CGA Signature: Variable length content. Content defined in .
The format of the CGA signature is defined in RFC3972. Besides, the
signature defined in RFC3972 requires a 128-bit type tag for the
message from the CGA Message Type name space that is specific to the
usage of the CGA. In this case we would need to define such for shim
and declare it in the IANA considerations, so that IANA assigns it.
This 128 bit type tag is concatenated to what is being signed, so i
guess this needs to be included here.
Furthermore, i guess we need to specify what is being signed here. I
guess it doesn't makes sense to sign the whole locator list, since some
of them are validated using HBAs. So a possible approach would be to
extract from the locator list all of those that are validated through
the CGA and sign those (ordered as they are included in the locator
So the string being signed would be:
the 128-bit type tag for the message from the CGA Message Type name
space assigned to the shim plus that ordered list of locators that are
validated using the CGA as they appear in the locator list of the
update request message
In section 6.1 Conceptual Data Structures
o For each peer locator, a bit whether it has been validated using
i would add here "or CGA"
Moreover, perhaps we need a byte to indicate the validation method
consistent with what is defined in the locator list option format
In section 7.5 Sending I1 messages
If, after several retransmissions, there is no response, then most
likely the peer does not implement the shim6 protocol, or there could
be a firewall that blocks the protocol.
I guess that this depends on whether there is an ongoing communication
or not. If there is an ongoing communication, then we can assume that
the ulid is reachable, so if no answer is received then is because of
any of the two above reasons. However, if there is not an ongoing
communication or if a failure has just occurred, maybe it is that the
ULID selected in unreachable and other locators/ULIDs should be tried.
Not sure what to do in this case...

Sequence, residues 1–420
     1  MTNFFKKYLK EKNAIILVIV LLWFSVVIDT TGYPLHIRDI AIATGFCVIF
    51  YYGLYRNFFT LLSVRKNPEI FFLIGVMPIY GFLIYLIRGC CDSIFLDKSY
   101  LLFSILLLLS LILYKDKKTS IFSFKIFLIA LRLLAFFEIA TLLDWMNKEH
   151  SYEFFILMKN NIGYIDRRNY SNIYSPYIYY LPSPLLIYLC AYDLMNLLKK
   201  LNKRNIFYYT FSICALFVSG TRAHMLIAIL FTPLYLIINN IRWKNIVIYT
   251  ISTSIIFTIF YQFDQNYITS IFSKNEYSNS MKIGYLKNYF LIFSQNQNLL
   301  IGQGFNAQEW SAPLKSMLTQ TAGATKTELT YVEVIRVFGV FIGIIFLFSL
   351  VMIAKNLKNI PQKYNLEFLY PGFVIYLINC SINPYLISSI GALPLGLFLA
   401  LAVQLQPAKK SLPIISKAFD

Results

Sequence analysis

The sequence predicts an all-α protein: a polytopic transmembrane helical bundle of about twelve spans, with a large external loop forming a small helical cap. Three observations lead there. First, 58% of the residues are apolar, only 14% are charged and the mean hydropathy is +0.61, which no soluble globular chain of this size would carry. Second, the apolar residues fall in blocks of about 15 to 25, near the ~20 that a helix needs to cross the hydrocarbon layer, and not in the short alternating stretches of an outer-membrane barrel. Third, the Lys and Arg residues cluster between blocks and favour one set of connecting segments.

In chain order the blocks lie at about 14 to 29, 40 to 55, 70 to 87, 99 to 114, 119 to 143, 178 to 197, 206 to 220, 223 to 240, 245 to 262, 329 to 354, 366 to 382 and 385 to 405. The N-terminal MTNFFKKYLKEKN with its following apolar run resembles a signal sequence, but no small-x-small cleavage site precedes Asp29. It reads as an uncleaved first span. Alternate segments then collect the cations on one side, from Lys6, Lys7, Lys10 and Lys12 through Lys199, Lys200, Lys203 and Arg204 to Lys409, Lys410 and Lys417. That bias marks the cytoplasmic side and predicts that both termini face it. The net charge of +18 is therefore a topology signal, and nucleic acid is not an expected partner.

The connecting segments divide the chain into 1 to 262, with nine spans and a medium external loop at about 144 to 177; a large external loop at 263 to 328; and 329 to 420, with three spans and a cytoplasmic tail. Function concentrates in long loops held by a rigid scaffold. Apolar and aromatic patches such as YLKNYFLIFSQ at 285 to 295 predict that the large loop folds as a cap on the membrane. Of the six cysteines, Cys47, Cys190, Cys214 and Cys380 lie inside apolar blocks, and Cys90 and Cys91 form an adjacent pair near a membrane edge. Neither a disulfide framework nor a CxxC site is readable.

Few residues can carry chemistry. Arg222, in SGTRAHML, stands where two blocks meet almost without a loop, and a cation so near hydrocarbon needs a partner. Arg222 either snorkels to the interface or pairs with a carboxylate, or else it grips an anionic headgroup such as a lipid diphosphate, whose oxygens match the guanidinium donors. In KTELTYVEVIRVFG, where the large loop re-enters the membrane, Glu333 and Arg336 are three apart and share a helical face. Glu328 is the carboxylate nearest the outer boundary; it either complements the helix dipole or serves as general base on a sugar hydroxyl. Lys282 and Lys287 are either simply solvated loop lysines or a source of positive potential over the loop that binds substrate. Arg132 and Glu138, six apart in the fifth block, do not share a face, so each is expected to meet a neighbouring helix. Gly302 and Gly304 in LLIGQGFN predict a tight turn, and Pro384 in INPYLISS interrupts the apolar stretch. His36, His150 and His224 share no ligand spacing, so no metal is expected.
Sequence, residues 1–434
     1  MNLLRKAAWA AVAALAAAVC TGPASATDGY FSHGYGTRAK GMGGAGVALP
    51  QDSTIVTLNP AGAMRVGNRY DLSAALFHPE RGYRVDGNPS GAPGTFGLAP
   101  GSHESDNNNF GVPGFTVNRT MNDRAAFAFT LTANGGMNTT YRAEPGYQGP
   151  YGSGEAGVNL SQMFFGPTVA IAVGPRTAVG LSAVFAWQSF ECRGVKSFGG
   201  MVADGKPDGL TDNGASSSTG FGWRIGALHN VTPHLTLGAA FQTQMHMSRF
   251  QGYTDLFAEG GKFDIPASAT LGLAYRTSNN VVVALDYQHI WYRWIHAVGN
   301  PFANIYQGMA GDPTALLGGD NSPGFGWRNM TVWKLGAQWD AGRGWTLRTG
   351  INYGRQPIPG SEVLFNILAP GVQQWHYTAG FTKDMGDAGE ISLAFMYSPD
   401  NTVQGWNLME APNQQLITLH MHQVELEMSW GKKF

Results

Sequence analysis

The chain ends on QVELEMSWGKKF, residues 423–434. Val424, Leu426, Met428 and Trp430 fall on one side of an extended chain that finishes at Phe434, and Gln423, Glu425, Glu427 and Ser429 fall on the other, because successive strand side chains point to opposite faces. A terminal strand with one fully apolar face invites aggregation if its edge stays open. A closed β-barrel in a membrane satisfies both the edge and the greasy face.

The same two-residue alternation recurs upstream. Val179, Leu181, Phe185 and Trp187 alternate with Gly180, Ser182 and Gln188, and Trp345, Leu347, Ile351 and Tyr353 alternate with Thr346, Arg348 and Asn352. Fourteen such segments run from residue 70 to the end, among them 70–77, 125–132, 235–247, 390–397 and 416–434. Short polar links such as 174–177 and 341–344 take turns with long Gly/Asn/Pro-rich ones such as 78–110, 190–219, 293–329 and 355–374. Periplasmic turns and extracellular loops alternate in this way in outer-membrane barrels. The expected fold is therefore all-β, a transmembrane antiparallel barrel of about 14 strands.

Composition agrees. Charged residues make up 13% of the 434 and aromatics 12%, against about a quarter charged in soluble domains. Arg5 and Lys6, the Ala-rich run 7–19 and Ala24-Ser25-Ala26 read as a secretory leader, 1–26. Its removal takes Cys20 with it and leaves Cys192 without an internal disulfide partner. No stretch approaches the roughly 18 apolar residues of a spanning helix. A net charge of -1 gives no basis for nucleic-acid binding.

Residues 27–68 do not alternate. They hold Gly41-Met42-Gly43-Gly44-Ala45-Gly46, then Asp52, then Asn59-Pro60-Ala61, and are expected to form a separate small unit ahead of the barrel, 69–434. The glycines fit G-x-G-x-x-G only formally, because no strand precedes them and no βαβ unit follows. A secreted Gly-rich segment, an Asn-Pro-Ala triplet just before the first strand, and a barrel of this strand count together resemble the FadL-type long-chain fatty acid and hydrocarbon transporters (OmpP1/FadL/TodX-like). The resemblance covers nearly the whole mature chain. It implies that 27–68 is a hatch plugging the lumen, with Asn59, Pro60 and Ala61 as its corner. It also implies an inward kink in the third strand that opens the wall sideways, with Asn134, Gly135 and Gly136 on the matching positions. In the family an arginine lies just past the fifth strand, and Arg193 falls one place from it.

In section 9. Handling ICMP Error Messages
But when the shim on the transmitting side
replaces the ULIDs in the IP address fields with some other locators,
then an ICMP error coming back will have a "packet in error" which is
not a packet that the ULP sent. Thus the implementation will have to
apply the reverse mapping to the "packet in error" before passing the
ICMP error up to the ULP.
but the ICMP error won't have a shim payload header so, it won't be
processed by the shim, right? or are we supposing that thee shim will
inspect all packets (having the shim header or not) and identify ICMP
error packets and in those inspect whther the inside packet contains a
shim header and then do the processing?
I am especially concerned with the inspect all packets part, since i
think i remeber talking in the meeting that this would result in
important performance issues...
10. Teardown of the Host Pair Context
Each host can unilaterally decide when to tear down a host-pair
context. It is RECOMMENDED that hosts not tear down the context when
they know that there is some upper layer protocol that might use the
Not sure i agree here. I recall Iljitsch suggestion that servers could
tear down context prematurelly and leave up to the clients the recovery
effort, using the context loss recovery mechanisms in order to reduce
the load imposed by the shim. This sounds like a very nice approach to
me. so i am not sure i agree with the reccomend here (perhaps i fail to
see what the reccomend term implies...
Section 16. Open Issues
The following open issues are known:
o Is there need for keeping the list of locators private between the
two communicating endpoints? We can potentially accomplish that
when using CGA but not with HBA, but it comes at the cost of doing
some public key encryption and decryption operations as part of
the context establishment.
I think that the option selected for this is a future extension of the
o Forking the context state. On the mailing list we've discussed
the need to fork the context state, so that different ULP streams
can be sent using different locator pairs. No protocol extensions
are needed if any forking is done independently by each endpoint.
But if we want A to be able to tell B that certain traffic (a
5-tuple?) should be forked, then we need a way to convey this in
the shim6 protocol. The hard part would be defining what
selectors can be specified for the filter which determines which
traffic uses which of the forks. So the question is whether we
really need signaling for forking, or whether it is sufficient to
allow each endpoint to do its own selection of which locator pair
it is using for which traffic.
imho for this what is needed is the capability of setting multiple
context with the same ULID pair but with different context tags, and an
API that allows the ulp to signal the shim which context is to be used
(what the doc calls primary vs other contexts i think)
o If we allow forking, it seems like the mechanism for reachability
detection, whether it is CUD or FBD, must be applied separately